As George Zimmerman is acquitted of murder, the myth of a ‘post-racial America’ is debunked once again

Trayvon Martin

On 26 February, 2012, a boy was fatally shot on a residential street on his way home from buying sweets, but his killing was not murder. Prisoners (the majority of whom are black men) pick cotton in the sun for pennies per hour, watched by (almost always white) guards mounted on horseback and armed with rifles, but their labour is not slavery. Four-year-old black girls are shown images of cartoon girls, identical except their range of skin colours, and asked to point to the pretty girl; they overwhelmingly point to the palest, but these children have not been abused.

On Saturday 13 July, George Zimmerman was acquitted of second-degree murder and manslaughter for the killing of 17-year-old Trayvon Martin on the grounds of self defence.

When I woke up this morning to the news of Zimmerman’s acquittal, I didn’t share my Facebook friends’ “WTF?!” reactions. Except one: “This is what our lives are worth.” I feel unsurprised and exhausted by a story that feels, to me, desperately old.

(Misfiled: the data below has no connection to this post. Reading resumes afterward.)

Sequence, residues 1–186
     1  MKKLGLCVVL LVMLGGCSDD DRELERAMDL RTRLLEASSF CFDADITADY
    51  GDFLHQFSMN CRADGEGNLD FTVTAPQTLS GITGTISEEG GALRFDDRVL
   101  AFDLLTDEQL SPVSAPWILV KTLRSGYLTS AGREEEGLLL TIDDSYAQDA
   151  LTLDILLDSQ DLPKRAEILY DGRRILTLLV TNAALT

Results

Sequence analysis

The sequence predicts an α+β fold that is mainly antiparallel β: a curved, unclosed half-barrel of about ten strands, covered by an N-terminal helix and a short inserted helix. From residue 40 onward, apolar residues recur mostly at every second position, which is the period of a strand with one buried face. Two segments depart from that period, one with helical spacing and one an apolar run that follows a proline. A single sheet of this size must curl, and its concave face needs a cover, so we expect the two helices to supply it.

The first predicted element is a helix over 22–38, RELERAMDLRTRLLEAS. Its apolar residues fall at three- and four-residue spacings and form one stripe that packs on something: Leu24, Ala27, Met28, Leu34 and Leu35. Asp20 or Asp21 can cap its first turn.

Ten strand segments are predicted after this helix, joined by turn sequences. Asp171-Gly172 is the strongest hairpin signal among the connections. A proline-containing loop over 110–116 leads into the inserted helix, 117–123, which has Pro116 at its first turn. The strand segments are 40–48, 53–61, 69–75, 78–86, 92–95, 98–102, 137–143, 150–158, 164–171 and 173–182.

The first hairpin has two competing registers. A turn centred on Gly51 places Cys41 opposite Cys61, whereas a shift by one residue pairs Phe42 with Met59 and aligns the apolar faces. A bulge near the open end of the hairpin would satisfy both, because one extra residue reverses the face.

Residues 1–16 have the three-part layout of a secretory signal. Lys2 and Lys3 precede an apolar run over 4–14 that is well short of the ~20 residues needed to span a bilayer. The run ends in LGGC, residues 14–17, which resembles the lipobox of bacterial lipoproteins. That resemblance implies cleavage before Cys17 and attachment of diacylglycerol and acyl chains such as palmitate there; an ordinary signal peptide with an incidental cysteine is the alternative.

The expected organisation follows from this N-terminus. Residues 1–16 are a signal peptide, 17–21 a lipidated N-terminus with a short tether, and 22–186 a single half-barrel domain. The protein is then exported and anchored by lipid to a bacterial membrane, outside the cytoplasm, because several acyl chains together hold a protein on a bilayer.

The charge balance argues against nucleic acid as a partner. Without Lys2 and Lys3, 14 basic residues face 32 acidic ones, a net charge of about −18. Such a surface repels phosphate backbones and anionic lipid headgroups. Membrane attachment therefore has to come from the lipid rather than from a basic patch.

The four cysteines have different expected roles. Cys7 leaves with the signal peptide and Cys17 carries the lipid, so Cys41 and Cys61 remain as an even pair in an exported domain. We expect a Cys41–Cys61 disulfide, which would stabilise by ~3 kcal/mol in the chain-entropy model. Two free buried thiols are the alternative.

Once when I was little, probably six or seven, my father left the house one evening – after dark, but not late – and didn’t come back.

He noticed he was being followed as he walked to the bus stop in the predominately white suburb where we lived at the time. He’d stop, and the man following him would stop. He turned to confront the man following him, and the man backed up. He soon found himself surrounded by police alerted by a conscientious neighbour to the presence of a suspicious individual – the black man minding his own business that is, not the white man following him menacingly through dark streets.

I’ve always known that Walking at Night While Black and Male is a crime in America, one on a long list, with a range of punishments and militias who feel tasked to enforce the subtle rules of race and mobility.

‘Racial problems are greater because we think we don’t have them.’ Toni Morrison

Some commentators have tried to downplay the role of racial profiling in the killing of Trayvon Martin, many pointing out that Zimmerman, as a hispanic-American, is also a member of a minority group. Indeed, George Zimmerman’s defence team was able to show that he did not have any history of racist behaviour.

The question of race as a motive and motif in this case is not down to the shooter’s individual beliefs. While George Zimmerman’s history may not be racist, American history is.

In A People’s History of the United States, Howard Zinn notes that pseudo-scientific theories which held that blacks’ essential ethnic inferiority not only justified slavery as part of a “natural order” but also served as a narrative of subordination to fragment the working class in the American colonies along racial lines.